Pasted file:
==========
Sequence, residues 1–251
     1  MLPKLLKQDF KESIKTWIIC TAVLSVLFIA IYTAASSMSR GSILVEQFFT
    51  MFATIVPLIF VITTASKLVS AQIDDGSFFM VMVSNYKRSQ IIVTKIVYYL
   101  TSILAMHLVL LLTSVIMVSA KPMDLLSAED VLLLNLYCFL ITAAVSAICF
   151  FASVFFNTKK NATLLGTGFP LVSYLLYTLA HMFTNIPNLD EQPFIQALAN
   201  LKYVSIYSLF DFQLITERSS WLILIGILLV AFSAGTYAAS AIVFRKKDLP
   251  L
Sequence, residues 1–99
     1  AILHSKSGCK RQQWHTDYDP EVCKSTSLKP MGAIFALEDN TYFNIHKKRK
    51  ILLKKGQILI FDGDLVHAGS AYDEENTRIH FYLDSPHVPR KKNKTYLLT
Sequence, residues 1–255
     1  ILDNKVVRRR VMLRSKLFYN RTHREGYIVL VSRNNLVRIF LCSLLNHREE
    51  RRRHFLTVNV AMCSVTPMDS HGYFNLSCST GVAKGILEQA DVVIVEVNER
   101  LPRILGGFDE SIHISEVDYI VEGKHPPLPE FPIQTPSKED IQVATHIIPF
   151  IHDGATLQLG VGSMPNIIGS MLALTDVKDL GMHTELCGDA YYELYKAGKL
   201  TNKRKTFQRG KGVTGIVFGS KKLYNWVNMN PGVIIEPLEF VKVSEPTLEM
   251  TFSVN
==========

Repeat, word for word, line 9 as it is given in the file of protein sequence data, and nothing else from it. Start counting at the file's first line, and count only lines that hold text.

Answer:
     1  AILHSKSGCK RQQWHTDYDP EVCKSTSLKP MGAIFALEDN TYFNIHKKRK